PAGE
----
Another possibility is that I don’t have significantly different experiences, but that foreigners have been primed by the stories of “the Empty Seat Thing” to notice, and remember, when people are standing and ignoring an empty seat next to them. I would be interested in the results of other foreign-appearing people taking notes every time they sit down on a train, for about the same number of trips. If there are actually different experiences, then that suggests that there are things you can do to encourage MJA people to sit next to you.

At this point, however, all that I can say is that the Empty Seat Thing does not happen to everyone. It doesn’t happen to me.

Against Meritocracy

(Warning: Rant Ahead)

We are so smug, so secure in our privilege. The clever ones. We understand the world, and we smirk at people who don’t. “How could they be so dumb as to vote for that?” “What on earth were they thinking?” “I could do a better job than that half asleep.”

And you know what? We’re right. We are the clever ones. It doesn’t matter what your skin colour is, or your gender, or your sexuality. You can be a black lesbian in a wheelchair and if you’re smart, you’re still a member of the most privileged group of all. You can whine about how society oppresses you, but frankly if you live in any advanced society you have no idea what a society designed to oppress you looks like.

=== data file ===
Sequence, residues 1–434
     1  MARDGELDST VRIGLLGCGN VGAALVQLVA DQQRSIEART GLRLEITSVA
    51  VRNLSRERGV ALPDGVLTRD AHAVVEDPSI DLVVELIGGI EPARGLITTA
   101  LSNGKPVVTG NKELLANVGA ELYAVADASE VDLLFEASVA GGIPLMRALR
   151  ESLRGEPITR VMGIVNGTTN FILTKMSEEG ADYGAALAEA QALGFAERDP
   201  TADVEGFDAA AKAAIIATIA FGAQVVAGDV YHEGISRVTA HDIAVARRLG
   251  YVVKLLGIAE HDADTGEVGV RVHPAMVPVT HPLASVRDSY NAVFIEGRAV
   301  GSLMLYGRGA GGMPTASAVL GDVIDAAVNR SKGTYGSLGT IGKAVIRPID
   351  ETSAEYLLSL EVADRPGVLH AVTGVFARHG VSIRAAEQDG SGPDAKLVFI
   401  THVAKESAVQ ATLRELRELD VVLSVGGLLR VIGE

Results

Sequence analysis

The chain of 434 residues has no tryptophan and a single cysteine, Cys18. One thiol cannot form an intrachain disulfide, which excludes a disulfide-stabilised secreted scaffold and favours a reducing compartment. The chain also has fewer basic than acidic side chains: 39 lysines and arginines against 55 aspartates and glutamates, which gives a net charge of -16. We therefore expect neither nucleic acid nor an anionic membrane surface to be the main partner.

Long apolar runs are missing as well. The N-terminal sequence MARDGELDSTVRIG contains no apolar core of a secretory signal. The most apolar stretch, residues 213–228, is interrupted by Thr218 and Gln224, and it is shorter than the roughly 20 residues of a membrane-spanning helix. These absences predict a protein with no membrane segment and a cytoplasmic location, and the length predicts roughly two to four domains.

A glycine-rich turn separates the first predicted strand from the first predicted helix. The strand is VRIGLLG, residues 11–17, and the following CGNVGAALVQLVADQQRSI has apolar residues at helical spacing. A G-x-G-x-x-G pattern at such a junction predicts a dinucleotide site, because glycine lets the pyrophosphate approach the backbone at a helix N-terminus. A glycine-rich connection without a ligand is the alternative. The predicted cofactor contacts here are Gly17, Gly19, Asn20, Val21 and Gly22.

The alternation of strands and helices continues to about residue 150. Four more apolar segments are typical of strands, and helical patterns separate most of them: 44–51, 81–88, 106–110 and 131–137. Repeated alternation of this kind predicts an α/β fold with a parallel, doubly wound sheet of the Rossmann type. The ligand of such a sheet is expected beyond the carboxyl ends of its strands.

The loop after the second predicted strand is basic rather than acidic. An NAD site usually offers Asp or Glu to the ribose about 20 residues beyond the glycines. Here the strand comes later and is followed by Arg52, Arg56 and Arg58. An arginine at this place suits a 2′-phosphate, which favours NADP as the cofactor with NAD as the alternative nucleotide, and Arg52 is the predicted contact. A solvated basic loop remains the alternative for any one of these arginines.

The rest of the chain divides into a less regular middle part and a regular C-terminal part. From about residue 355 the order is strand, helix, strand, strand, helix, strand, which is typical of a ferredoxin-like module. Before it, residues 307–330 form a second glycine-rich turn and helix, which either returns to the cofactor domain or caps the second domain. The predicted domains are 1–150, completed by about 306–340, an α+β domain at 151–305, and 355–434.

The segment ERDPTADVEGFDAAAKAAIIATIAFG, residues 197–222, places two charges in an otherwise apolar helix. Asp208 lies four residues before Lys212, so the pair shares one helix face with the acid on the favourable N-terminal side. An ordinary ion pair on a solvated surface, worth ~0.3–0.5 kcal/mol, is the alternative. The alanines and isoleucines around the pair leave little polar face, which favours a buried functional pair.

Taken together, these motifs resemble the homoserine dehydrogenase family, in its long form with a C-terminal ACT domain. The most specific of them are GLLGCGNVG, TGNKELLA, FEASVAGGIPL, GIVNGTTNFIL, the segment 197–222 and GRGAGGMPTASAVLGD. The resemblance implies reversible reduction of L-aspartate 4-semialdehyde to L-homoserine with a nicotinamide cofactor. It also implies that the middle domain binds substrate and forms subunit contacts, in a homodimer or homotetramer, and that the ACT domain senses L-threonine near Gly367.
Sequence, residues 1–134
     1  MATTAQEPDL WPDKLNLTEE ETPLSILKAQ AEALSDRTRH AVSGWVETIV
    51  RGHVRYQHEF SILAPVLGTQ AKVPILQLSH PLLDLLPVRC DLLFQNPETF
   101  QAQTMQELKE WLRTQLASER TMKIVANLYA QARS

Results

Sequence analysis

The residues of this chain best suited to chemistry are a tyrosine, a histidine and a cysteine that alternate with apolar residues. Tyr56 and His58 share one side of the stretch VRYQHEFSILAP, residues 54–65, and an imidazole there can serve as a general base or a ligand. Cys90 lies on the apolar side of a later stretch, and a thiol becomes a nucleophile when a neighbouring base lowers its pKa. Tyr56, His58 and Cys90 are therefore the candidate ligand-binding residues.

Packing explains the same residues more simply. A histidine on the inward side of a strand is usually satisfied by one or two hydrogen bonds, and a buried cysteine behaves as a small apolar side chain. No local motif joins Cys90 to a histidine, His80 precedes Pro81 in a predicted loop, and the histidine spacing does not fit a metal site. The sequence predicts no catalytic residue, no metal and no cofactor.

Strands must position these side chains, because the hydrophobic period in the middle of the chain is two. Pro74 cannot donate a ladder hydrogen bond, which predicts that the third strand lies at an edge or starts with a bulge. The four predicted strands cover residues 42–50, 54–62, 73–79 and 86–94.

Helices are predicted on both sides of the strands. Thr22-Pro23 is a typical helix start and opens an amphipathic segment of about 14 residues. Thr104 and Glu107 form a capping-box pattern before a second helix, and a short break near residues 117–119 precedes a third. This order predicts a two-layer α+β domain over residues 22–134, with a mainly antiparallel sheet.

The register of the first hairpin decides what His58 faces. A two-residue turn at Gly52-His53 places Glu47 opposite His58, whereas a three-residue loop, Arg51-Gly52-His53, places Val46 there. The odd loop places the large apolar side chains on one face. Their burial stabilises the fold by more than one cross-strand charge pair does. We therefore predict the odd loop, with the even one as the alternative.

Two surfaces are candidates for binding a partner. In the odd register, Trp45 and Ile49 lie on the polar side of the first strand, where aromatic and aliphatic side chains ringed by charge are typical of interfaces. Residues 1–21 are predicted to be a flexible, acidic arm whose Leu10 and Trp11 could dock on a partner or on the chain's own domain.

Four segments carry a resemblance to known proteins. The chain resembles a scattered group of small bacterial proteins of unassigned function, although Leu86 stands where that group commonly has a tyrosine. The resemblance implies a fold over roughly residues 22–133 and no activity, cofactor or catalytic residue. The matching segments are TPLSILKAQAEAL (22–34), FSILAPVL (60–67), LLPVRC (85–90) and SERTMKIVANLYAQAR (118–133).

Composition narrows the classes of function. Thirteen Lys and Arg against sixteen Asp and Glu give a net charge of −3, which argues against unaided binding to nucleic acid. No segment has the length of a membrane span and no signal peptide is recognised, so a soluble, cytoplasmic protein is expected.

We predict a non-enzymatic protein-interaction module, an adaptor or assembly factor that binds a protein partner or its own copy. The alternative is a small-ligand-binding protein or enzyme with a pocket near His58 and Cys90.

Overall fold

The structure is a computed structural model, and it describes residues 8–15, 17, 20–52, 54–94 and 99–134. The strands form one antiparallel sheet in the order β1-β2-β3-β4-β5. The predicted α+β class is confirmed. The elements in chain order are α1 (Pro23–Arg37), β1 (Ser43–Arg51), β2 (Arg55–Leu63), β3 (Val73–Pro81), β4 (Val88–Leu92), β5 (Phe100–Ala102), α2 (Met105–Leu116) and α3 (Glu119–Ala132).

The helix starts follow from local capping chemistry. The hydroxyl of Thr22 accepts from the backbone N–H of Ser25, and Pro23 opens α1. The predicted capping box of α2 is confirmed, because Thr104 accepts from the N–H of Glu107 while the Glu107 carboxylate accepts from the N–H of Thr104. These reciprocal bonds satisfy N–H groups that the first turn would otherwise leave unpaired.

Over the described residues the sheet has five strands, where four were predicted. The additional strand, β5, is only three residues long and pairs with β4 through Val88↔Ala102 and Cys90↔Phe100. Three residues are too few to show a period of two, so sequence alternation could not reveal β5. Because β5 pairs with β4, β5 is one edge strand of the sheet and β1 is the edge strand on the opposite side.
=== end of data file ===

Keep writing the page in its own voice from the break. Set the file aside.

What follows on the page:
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Playtest Results

I am currently designing a new roleplaying game, with the working title of Universitas Magarum. It is a GM-less, co-operative roleplaying game, and, as one playtest group said, it is sufficiently different from those currently on the market to avoid the question of why you would play this game rather than something else. If you want to do what this game offers, this is your only option.

Unfortunately, it doesn’t work.
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Stateless

I am currently stateless.

But this is a good thing. Because Japan does not recognise multiple citizenships, you are required to renounce your existing citizenship as part of the process of becoming a Japanese citizen. If your current countries of citizenship will allow you to renounce those citizenships before you gain Japanese citizenship, you must do so; the Ministry of Justice will not finalise your naturalisation without the document proving that you have renounced your other citizenships. The UK does allow you to renounce your citizenship in anticipation of gaining citizenship of another country, and so I had to.
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Playtest Scenario Draft Finished